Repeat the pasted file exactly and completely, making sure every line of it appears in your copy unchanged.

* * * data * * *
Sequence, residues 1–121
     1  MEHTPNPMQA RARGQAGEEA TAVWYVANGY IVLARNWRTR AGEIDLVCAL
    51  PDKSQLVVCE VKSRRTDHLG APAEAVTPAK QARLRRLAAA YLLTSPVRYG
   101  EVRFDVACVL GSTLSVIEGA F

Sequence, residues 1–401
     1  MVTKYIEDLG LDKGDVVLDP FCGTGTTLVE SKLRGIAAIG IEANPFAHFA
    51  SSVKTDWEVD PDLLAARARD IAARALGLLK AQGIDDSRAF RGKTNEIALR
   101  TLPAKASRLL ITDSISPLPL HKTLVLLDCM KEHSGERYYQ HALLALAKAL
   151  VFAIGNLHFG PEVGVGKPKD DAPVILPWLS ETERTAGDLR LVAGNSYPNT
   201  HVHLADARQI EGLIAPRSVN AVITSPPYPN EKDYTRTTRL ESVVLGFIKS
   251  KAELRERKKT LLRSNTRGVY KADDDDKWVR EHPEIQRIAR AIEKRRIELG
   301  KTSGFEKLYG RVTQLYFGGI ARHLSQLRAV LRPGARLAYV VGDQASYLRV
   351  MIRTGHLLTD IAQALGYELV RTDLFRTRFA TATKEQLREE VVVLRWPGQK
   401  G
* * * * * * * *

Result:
Sequence, residues 1–121
     1  MEHTPNPMQA RARGQAGEEA TAVWYVANGY IVLARNWRTR AGEIDLVCAL
    51  PDKSQLVVCE VKSRRTDHLG APAEAVTPAK QARLRRLAAA YLLTSPVRYG
   101  EVRFDVACVL GSTLSVIEGA F

Sequence, residues 1–401
     1  MVTKYIEDLG LDKGDVVLDP FCGTGTTLVE SKLRGIAAIG IEANPFAHFA
    51  SSVKTDWEVD PDLLAARARD IAARALGLLK AQGIDDSRAF RGKTNEIALR
   101  TLPAKASRLL ITDSISPLPL HKTLVLLDCM KEHSGERYYQ HALLALAKAL
   151  VFAIGNLHFG PEVGVGKPKD DAPVILPWLS ETERTAGDLR LVAGNSYPNT
   201  HVHLADARQI EGLIAPRSVN AVITSPPYPN EKDYTRTTRL ESVVLGFIKS
   251  KAELRERKKT LLRSNTRGVY KADDDDKWVR EHPEIQRIAR AIEKRRIELG
   301  KTSGFEKLYG RVTQLYFGGI ARHLSQLRAV LRPGARLAYV VGDQASYLRV
   351  MIRTGHLLTD IAQALGYELV RTDLFRTRFA TATKEQLREE VVVLRWPGQK
   401  G